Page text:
department of philosophy

Chafee Hall, Room 230, 142 Flagg Road, Kingston, RI 02881

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Fritz Wenisch

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Biography

Born in Austria (Neunkirchen/Lower Austria), Dr. Wenisch grew up in Hallein and Salzburg. He attended High School (Bundeslehrerbildungsanstalt) in Salzburg; from 1964-1968, he studied at the University of Salzburg. From 1966-68, he served in a position corresponding to Graduate Assistant there; from 1968-1971, he served in a position perhaps corresponding to Assistant Professor (Hochschulassistent). From 1971 to the present, he has been teaching at the University of Rhode Island, first as Assistant Professor, then as Associate Professor, and finally as Full Professor. From 1974-1991, he served as Philosophy Department Chair (Acting Chair for the first of these years). His chief accomplishment in that position is that he lives to tell about it.

Research

Dr. Wenisch considers himself as belonging to a philosophical movement going back to Edmund Husserl’s publication Logical Investigations (1900/01), called phenomenological realism. The name seems complicated, but the matter is simple: As a form of realism, the movement acknowledges that there is a mind-independent reality (aka “Thing In Itself”) which the human mind can, to a certain extent at least, recognize the way it really is (pace Immanuel Kant). “Phenomenological” is derived from the Greek word “phainomenon,” meaning in this context “What shows itself.” Thus, the philosophical movement he belongs to places an investigation of what is immediately given, what presents itself to the human mind, at the starting point and at the center of philosophical investigations. As far as the history of philosophy is concerned, he is particularly interested in examining thinkers belonging to the movement just described, especially the contributions of Dietrich von Hildebrand. In systematic philosophy, his interests center on ethics, theory of knowledge, and philosophy of religion.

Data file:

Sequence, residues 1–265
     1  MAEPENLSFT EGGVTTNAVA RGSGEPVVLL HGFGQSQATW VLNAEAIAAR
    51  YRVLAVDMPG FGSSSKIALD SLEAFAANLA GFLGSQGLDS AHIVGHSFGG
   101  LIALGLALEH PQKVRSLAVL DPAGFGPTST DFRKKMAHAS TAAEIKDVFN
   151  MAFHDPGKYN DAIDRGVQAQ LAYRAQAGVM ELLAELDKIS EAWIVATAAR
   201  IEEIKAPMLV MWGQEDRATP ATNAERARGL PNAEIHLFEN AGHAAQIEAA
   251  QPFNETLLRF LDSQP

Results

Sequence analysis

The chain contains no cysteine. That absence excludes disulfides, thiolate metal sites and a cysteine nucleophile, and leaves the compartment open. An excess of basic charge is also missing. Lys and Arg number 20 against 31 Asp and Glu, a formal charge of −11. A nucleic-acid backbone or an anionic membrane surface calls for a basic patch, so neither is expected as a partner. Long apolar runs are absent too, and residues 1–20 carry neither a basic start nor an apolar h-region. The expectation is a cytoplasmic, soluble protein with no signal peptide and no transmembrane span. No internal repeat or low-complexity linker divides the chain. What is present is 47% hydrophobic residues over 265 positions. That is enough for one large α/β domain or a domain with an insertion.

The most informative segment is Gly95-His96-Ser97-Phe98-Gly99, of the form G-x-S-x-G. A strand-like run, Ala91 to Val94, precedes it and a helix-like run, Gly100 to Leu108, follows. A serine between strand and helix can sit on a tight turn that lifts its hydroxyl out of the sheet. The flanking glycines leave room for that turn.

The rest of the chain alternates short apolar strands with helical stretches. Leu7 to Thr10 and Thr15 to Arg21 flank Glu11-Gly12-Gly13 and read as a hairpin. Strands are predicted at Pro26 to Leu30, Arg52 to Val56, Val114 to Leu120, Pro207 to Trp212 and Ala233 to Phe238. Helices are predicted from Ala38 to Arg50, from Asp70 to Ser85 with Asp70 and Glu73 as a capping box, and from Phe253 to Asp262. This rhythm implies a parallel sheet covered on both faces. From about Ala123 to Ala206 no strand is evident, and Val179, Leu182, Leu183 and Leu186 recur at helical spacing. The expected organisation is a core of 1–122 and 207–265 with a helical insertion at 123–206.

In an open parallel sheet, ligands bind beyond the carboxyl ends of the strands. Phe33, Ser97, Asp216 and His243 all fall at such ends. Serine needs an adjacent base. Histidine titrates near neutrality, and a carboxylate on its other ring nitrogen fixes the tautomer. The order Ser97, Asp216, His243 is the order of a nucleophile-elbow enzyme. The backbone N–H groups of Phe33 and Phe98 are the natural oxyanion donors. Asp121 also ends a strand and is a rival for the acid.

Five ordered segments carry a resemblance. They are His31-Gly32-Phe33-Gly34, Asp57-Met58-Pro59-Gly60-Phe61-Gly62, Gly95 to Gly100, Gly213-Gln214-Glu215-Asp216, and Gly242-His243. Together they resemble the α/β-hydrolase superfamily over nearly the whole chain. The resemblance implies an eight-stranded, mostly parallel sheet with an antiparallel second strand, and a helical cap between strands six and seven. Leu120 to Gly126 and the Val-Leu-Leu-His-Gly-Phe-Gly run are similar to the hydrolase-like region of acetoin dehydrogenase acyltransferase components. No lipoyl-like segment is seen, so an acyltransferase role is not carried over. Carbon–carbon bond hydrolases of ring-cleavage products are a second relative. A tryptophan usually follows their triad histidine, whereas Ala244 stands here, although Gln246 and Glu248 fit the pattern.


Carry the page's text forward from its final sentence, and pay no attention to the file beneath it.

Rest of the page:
Education

  • Habilitation (Philosophy), University of Salzburg, 1975 [Note: This degree confers the ve­nia legendi, that is, the right to teach courses in philosophy at all Austrian uni­versi­ties. It obligates the universi­ties to provide fa­cilities, but it does not obligate them to pay a salary, except for a modest stipend determined by enrollment].
  • Ph.D. (Philosophy), University of Salzburg, 1968
  • Matura, Bundeslehrerbildungsanstalt Salzburg, 1964

Publications

Judaism, Christianity, and Islam—Differences, Commonalities, and Community. (San Diego: Cognella, 2011 [2012]; Second [expanded] edition 2014 [2015]).

“Self-regarding and non-self-regarding actions, and comments on a non-self-regarding interest in another person’s good,” Quaestiones Disputatae, Vol. 3, No. 2, Franciscan University of Steubenville, Steubenville, 2013, pp. 120-134.

“’Sorting out Feelings’: How I Became a Hildebrandian. Quaestiones Disputatae, Vol. 3, No. 2, Franciscan University of Steubenville, Steubenville, 2013, pp. 120-134.

“In Defense of the Finiteness of the Past—A Belated Response to a Reply,” in El amor a la veridad, toda veridad y in todas las cosas, Festschrift for Josef Seifert (Santiago, Chile: 2010), pp. 211-236).

“‘What Are We to Do, and What May We Hope for?’ A Semi-Kantian Treatment of the Second and the Third of Kant’s Three Big Questions,” Arche—Journal of Philosophy, Department of Philosophy, Novi Sad, 2004, pp. 92-105.

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